George Karl Believes Permanently Shortening the Season Will be Good for NBA
George Karl was quoted as saying; “I’m sure Commissioner (David) Stern won’t like this, but I think the product would be better if we shortened the season. When we start playing in late October, the people are thinking football. If you could just get us less fatigue [in a shorter season], I think you’d have a better product. When they started on Christmas Day, I thought, ‘This is not a bad idea. This should be the start of NBA basketball … Maybe start Dec. 1 and play 62 games, whatever number they’d come to.”
This idea could actually be good for the NBA. On an 82 game regular season, injuries are more likely to happen because of over-fatigue and the NBA season really begins picking up steam on December or January anyway.
More and more people are actually getting behind this idea as some coaches, players, sports analysts and even fans believe this will be beneficial for the NBA. Analysts claim that a shortened season will benefit the overall quality of the game, while still others claim that a shortened season will benefit TV ratings as well.
I believe a shortened season will actually be what the NBA needs right now. The reason why the NBA is always just second best or even third best to the NFL and MLB is because the NBA is so long. Fans could care less about regular season games between two mediocre teams in November, as what fans want to see are quality games between the best teams in the NBA.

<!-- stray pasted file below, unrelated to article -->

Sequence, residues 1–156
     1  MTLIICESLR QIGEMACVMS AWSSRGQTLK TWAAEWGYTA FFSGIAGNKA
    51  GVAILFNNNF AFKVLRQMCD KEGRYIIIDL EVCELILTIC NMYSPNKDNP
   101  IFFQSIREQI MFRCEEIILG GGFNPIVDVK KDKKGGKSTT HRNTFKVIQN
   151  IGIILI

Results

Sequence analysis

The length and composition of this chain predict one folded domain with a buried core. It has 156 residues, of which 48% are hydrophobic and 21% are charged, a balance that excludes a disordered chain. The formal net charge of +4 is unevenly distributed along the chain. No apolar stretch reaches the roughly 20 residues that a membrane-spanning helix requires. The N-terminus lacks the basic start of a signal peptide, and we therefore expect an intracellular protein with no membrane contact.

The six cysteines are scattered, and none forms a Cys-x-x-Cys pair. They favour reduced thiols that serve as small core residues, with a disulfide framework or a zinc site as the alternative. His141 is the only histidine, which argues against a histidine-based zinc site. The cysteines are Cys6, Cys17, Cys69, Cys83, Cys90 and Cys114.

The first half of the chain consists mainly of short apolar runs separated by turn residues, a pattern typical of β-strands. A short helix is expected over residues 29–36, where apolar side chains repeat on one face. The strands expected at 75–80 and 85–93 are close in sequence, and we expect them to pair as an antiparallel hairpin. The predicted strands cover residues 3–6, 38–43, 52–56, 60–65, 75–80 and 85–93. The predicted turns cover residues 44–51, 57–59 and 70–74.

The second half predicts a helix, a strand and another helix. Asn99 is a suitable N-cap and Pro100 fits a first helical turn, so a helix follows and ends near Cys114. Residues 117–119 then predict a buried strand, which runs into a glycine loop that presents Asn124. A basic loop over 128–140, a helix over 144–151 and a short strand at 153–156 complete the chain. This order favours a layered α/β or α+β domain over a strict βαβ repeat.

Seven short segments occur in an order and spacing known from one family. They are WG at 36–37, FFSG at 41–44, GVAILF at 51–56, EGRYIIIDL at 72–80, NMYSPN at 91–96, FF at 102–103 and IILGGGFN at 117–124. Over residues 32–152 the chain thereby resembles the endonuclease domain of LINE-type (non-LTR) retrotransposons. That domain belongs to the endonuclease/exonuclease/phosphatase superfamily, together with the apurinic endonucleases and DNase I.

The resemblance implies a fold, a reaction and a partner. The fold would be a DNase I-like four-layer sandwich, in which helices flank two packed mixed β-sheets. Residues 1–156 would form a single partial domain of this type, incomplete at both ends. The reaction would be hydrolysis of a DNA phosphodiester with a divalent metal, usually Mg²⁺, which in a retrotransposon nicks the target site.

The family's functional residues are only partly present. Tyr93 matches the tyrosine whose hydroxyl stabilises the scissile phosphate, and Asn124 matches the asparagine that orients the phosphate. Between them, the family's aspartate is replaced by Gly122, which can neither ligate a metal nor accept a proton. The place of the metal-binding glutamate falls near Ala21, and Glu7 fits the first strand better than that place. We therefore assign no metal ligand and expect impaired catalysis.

Shorter seasons will mostly affect NBA executives, the owners, some players and the media; those who are really squeezing every dime they can get from the NBA. Who really suffers here are the fans and some of the employees directly or indirectly working for every NBA game.
We will always have sloppy and ugly basketball littered in between regular season games as coaches will rest their best players who are clearly fatigued and/or injured. Coaches will sacrifice wins in order to protect their players and what we get are games that are poorer in quality and often ends in lopsided affairs. I am an advocate of shortening the NBA season if we will have better quality basketball games as a result. If we can avoid players getting injured, if we can avoid coaches “throwing away” games and if we can avoid fans waning interest in the NBA, then we should exhaust whatever avenue we can for the betterment of the NBA. Shortening the season could be where we can start.
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